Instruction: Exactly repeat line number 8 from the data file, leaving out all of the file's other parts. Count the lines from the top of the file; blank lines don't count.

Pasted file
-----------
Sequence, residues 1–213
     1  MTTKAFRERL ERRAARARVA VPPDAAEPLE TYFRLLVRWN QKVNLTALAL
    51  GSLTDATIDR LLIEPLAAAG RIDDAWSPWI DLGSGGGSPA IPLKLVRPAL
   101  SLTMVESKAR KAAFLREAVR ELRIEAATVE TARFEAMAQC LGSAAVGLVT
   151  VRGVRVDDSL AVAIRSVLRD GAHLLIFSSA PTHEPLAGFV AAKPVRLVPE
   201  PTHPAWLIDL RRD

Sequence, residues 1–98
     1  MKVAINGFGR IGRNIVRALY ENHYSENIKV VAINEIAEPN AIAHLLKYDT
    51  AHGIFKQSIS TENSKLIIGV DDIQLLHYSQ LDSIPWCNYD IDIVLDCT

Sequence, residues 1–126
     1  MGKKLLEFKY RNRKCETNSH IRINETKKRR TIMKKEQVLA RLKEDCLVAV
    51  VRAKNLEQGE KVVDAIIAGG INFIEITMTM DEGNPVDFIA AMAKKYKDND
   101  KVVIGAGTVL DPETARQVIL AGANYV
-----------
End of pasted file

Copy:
     1  MKVAINGFGR IGRNIVRALY ENHYSENIKV VAINEIAEPN AIAHLLKYDT